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Williams stays alive with gritty win; Mauresmo cruises

MELBOURNE, Australia -- Serena Williams knew it had been
quite some time since her last victory over a Top 10 player. When
told it had been two years, the American star shook her head and
laughed in disbelief.

"Has it been that long? That's a terrible stat," Williams said
Friday after beating fifth-seeded Nadia Petrova 1-6, 7-5, 6-3 in
the third round of the Australian Open.

It was Williams' first win over a Top 10 player since she won
the 2005 event for her seventh and final major singles title,
beating Amelie Mauresmo in the quarterfinals, fending off match
points against Maria Sharapova in the semis and overcoming Lindsay
Davenport in the final.

Williams will face No. 11 Jelena Jankovic -- a 6-3, 6-4 winner
over Victoria Azarenka -- on Sunday.

Defending champion Amelie Mauresmo beat the Czech Republic's Eva
Birnerova 6-3, 6-1. The second-seeded Mauresmo will play another
Czech, Lucie Safarova, in the fourth round. Safarova advanced when
Anastasiya Yakimova retired with a back injury after losing the
first set 6-3.

No. 3 Svetlana Kuznetsova also advanced, beating fellow Russian
Maria Kirilenko 6-1, 6-4, while No. 7 Elena Dementieva topped Maria Elena Camerin of
Italy. Also advancing were No. 10 Nicole Vaidisova and No. 16
Shahar Peer.

Limited to four tournaments last year because of a chronic knee
injury, Williams dropped out of the top 100 for the first time
since 1997 before climbing back to 95th in the year-end rankings.

She made 18 unforced errors, many just missing the lines, and
dropped serve twice in the first set.

"I felt like I was doing everything right in the first set, and
she just killed me," Williams said. "I was trying to figure out
what to do."

She did, dictating early in the second and having breakpoint at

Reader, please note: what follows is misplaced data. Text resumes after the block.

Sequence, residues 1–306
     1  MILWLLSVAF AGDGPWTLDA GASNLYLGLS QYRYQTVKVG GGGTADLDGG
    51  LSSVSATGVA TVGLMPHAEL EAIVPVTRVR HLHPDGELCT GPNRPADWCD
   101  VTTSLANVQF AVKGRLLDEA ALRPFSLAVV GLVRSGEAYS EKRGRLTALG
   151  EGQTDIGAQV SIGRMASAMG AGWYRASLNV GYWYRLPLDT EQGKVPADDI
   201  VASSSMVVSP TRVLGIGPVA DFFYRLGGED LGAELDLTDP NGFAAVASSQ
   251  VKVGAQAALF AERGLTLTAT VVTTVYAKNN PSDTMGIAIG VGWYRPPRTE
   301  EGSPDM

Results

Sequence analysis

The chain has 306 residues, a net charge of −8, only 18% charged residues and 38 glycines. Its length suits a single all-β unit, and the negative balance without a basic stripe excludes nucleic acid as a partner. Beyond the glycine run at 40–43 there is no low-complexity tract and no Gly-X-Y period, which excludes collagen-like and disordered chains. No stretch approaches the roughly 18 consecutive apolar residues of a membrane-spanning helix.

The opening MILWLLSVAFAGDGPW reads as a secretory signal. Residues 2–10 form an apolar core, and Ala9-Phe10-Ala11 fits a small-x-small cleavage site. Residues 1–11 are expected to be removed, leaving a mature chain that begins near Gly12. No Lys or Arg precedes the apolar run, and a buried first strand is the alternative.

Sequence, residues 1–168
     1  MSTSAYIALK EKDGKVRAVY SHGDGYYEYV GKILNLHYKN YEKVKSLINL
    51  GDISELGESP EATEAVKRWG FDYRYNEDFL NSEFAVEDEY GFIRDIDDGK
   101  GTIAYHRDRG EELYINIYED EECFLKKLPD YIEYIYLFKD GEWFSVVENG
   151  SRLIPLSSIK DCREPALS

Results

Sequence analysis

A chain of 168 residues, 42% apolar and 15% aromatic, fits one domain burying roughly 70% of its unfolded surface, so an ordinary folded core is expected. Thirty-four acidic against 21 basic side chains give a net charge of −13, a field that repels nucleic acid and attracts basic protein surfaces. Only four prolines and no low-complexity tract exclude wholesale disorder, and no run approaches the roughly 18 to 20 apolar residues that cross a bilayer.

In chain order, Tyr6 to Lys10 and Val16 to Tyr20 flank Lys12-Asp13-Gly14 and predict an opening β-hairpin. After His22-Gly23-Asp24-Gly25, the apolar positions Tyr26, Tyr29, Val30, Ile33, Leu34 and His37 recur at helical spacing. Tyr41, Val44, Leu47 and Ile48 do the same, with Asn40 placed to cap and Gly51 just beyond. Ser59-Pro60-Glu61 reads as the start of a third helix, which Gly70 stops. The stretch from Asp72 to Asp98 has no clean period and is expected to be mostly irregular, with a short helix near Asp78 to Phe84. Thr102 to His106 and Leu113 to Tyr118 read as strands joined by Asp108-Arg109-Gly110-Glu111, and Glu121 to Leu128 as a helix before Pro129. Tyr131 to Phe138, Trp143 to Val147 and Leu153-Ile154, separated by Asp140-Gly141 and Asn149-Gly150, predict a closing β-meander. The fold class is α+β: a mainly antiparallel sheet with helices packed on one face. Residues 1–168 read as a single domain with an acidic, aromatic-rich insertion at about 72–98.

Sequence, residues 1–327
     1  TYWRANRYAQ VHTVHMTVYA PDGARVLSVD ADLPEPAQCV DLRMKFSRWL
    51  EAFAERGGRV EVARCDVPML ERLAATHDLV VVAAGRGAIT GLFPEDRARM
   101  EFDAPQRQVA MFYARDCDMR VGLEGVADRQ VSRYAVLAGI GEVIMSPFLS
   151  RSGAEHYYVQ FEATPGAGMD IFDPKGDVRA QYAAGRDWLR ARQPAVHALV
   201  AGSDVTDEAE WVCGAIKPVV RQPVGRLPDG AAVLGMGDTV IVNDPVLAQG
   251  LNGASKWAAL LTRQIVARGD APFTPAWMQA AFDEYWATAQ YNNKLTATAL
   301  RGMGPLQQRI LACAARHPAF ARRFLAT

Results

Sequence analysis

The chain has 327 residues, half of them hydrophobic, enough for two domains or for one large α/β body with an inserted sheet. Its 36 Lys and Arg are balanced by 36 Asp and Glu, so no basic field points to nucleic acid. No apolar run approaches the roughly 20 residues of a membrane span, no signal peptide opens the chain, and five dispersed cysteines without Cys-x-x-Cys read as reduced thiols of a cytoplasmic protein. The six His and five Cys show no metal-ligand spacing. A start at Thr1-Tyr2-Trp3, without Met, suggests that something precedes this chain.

3-0, before Petrova rallied to win the next four games and then had
a chance to serve for the match in the 10th.

Petrova got tight and Williams kept going for her shots, and it
worked.
"I've always gone for my shots in any type of pressure
situation, and I am going to keep it up," Williams said. "It
doesn't matter -- I think the more pressure I get, the tougher I
get."

Williams cut down her mistakes, almost immediately, and started
nailing the ground strokes that until then had been just missing.

"I was down 3-5 and on the verge of being out of the
tournament, and I obviously didn't want that to happen," she said.
"It was time to either move or lose, and I definitely didn't want
to lose."

Williams broke to tie it at 5-5 and then held serve.

Petrova admonished herself while eating an energy bar during the
changeover. That didn't help, and Williams, with the capacity crowd
of 15,000 increasingly behind her, won the second set when Petrova
double-faulted.

Williams broke Petrova again twice in the third and ended it in
2 hours, 5 minutes when Petrova netted a service return.

"She came up with some unbelievable returns," said Petrova,
who is 1-6 against Williams. "She just went for the balls and she
produced an unbelievable backhand winner up the line from far
behind the court. That's what gave her confidence for the third
set."

Information from The Associated Press and Reuters was used in this report.